I'm using Ubuntu 12.04, and every time I try to write an Ubuntu ISO image to a disk so I can install it, Unetbootin says /dev/sdb1 isn't mounted. But Ubuntu mounts the drive automatically when it's inserted, right? What can I do to make Unetbootin recognize the drive is mounted?

  • here is a nice trick! to foll unetbootin [how-do-i-use-unetbootin-to-make-a-bootable-windows-usb-installer][1] [1]: askubuntu.com/questions/162174/…
    – user141867
    Commented Mar 20, 2013 at 3:47
  • None of the answers filed to this question solve the issue. Have you managed to get over this? Commented Jan 4, 2016 at 20:03
  • I can't add an answer, but deleting all files from my USB (even hidden ones, found with ctrl+h) helped unetbootin find it, I didn't even have to reboot it. Commented Jun 11, 2016 at 3:35
  • Creating a temp directory /mnt/temp and mounting manually sudo mount /dev/sdc /mnt/temp did the trick for me, where sdc is your drive name.
    – markroxor
    Commented Jul 27, 2018 at 10:29

5 Answers 5


It's possible, as beeju has suggested, that you just need to manually mount the drive. However, you are correct--usually, Ubuntu will automatically mount a drive when it is attached or powered on.

There are two common situations where the problem you've described occurs:

  1. Technically, drives are not mounted. Volumes (i.e., partitions) are mounted. If there is no partition on the drive, Ubuntu cannot mount it (neither automatically nor otherwise). If there is, but it's damaged or (this is much less likely) of a type Ubuntu doesn't recognize, it will also not be mounted.

  2. Unetbootin requires that the partition to which you write the contents of an .iso image be formatted FAT16 or FAT32. (And you should use FAT32 unless your image is tiny and you know you need to use FAT16.) Furthermore, it should be the first partition on the disk, and unless you really know what you're doing and know you need to do something differently, it should be the only partition on the disk and it should take up all the available space. Furthermore (though you don't usually have to do anything to make this the case), it should be a primary (not a logical) partition and the disk's partition table should be of type MSDOS.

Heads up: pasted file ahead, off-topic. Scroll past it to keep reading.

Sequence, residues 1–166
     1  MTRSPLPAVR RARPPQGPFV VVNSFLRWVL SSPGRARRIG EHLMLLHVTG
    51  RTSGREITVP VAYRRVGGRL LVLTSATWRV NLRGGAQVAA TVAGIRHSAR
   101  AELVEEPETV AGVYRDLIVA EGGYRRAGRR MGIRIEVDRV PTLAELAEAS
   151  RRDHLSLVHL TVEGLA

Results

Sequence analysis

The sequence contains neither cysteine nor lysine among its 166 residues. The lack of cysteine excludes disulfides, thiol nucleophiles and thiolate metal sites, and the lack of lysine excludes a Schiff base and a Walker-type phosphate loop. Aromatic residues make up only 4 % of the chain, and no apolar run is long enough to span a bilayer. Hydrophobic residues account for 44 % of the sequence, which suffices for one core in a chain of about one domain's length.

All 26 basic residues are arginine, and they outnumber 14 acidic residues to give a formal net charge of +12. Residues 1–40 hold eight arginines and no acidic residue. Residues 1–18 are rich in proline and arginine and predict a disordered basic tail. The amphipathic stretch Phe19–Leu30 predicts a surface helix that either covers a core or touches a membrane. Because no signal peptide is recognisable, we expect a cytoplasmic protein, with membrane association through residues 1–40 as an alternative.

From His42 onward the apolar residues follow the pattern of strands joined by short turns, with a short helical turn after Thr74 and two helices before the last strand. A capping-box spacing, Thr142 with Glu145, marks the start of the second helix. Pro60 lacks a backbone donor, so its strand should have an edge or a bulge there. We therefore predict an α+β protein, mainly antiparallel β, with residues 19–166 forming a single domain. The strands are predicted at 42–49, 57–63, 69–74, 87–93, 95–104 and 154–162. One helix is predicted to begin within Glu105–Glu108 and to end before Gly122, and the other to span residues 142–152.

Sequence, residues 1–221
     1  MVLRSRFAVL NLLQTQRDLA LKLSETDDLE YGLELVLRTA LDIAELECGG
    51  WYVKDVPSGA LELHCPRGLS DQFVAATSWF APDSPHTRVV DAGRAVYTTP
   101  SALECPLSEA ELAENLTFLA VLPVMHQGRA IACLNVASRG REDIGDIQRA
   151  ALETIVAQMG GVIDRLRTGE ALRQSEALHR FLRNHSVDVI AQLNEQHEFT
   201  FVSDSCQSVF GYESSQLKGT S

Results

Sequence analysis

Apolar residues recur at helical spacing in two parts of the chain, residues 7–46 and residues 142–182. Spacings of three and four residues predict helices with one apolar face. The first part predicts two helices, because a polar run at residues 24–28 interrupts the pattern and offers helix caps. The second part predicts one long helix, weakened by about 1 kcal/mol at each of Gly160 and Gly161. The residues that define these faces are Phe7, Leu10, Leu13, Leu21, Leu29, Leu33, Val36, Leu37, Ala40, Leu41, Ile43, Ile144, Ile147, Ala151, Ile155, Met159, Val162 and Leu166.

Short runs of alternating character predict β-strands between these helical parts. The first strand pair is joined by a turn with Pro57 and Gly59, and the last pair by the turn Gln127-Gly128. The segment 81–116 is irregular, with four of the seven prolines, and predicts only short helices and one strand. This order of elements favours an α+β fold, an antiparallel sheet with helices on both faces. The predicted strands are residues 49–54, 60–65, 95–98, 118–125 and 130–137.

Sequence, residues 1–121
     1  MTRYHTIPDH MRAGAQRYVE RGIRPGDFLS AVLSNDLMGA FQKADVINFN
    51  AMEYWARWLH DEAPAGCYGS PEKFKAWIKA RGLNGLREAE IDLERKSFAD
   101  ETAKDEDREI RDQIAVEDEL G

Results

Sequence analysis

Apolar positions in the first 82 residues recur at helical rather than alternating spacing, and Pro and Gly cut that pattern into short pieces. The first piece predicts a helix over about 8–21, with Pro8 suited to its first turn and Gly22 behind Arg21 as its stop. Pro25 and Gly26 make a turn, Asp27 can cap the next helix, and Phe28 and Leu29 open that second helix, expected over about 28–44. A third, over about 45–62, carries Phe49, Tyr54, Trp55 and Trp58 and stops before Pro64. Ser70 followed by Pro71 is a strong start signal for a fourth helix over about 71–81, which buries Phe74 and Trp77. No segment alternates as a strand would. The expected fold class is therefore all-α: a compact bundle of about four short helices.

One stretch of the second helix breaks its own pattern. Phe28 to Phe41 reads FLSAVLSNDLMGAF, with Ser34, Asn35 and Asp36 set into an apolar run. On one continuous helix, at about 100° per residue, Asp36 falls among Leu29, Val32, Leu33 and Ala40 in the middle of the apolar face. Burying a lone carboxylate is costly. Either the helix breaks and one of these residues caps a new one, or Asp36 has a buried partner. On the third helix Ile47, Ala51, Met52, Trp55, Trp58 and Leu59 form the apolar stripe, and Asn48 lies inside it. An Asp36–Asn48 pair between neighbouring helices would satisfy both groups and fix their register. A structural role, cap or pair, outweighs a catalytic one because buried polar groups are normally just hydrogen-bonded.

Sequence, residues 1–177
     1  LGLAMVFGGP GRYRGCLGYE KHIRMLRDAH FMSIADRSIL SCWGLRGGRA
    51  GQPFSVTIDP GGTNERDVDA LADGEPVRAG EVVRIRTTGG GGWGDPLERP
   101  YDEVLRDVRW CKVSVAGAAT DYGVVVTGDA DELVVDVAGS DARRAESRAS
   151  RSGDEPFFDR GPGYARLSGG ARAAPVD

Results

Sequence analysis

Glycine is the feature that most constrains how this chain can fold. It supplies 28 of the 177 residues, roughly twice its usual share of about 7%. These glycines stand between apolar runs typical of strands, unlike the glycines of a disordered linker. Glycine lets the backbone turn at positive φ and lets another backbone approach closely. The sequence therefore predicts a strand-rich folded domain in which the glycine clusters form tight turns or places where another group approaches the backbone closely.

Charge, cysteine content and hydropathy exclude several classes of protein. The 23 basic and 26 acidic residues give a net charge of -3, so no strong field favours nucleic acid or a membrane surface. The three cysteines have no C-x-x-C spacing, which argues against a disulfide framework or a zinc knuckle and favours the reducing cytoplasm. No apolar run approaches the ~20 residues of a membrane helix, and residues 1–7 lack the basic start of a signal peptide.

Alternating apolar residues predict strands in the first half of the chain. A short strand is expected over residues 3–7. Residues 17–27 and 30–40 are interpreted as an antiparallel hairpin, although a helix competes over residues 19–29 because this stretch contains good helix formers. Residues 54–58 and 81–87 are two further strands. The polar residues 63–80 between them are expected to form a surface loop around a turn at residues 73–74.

If you have valuable data on your disk, then you shouldn't be writing an .iso image to it anyway, because that would destroy the data. Otherwise, you can safely address either or both of the above problems by creating a new partition table on the disk, and then creating a single partition, taking up all the available space, of type FAT32.

One easy way to do this is with the GParted Partition Editor, which is provided by the gparted package. You can install that package in the Software Center. Then run GParted. Select the drive in the drop-down menu at the upper-right corner of the GParted window. Make sure you've selected the correct drive--it would be bad to perform these data-destroying operations on the wrong disk!

Do Edit > Create Partition Table and accept the defaults. Then create a FAT32 partition, also with everything the default. This will make it a primary partition and as big as possible.

Then apply your changes by clicking the green check-mark. You can now mount the drive (or take it out and put it back in, and it should mount automatically). When GParted finishes, close out of it. Then you can write an .iso image to it with Unetbootin.

Alternatively, you might consider using a different method to write the .iso image to the drive, which would let you skip over formatting and mounting the drive.